Routing complexity of faulty networks

One of the fundamental problems in distributed computing is how to efficiently perform routing in a faulty network in which each link fails with some probability. This paper investigates how big the failure probability can be, before the capability to efficiently find a path in the network is lost. Our main results show tight upper and lower bounds for the failure probability which permits routing, both for the hypercube and for the d−dimensional mesh. We use tools from percolation theory to show that in the d−dimensional mesh, once a giant component appears — efficient routing is possible. A different behavior is observed when the hypercube is considered. In the hypercube there is a range of failure probabilities in which short paths exist with high probability, yet finding them must involve querying essentially the entire network. Thus the routing complexity of the hypercube shows an asymptotic phase transition. The critical probability with respect to routing complexity lies in a different location then that of the critical probability with respect to connectivity. Finally we show that an oracle access to links (as opposed to local routing) may reduce significantly the complexity of the routing problem. We demonstrate this fact by providing tight upper and lower bounds for the complexity of routing in the random graph $G_{n,p}$.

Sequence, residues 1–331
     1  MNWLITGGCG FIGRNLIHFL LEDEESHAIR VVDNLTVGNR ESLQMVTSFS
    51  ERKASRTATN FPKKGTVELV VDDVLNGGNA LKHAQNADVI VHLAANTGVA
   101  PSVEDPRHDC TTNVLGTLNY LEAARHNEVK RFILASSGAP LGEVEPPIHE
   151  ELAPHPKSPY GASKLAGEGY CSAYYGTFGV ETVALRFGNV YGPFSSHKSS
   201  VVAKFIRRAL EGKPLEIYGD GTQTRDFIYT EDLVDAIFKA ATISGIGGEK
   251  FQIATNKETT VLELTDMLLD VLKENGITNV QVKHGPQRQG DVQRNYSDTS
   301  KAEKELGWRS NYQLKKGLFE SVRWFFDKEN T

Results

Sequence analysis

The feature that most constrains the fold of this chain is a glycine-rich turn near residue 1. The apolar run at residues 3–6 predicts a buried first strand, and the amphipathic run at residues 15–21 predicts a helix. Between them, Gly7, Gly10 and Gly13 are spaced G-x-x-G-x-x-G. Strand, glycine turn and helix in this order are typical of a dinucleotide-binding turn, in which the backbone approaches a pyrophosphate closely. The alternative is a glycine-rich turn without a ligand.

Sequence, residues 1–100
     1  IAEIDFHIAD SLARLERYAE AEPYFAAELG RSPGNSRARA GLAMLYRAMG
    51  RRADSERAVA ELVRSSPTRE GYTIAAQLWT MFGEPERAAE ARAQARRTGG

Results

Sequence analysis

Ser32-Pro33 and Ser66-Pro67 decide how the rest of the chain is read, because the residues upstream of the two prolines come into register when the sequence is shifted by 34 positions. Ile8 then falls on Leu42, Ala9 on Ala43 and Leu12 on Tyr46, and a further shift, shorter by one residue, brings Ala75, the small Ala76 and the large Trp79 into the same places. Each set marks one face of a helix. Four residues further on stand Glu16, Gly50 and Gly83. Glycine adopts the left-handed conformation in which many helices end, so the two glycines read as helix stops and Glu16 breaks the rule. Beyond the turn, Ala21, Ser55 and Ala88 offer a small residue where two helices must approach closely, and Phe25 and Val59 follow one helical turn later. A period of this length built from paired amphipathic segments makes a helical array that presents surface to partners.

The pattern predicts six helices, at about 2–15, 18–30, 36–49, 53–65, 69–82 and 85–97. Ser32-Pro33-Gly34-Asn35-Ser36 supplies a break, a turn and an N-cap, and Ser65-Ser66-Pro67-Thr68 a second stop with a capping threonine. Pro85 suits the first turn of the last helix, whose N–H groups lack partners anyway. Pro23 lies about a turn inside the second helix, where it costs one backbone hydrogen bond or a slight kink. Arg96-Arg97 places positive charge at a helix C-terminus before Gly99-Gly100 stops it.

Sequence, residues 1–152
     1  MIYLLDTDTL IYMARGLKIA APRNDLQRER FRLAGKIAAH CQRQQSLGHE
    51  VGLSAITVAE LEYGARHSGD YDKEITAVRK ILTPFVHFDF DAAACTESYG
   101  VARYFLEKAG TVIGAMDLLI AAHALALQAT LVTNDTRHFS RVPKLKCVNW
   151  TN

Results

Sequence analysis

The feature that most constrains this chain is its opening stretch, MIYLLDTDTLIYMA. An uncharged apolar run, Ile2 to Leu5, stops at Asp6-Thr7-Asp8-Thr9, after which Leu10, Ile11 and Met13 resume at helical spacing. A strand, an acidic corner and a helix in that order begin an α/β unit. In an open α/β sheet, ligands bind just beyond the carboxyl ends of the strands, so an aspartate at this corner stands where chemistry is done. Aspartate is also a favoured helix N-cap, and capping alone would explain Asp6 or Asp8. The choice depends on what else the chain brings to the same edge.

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In  Random Struct. Algorithms

Publisher  John Wiley & Sons, Inc.


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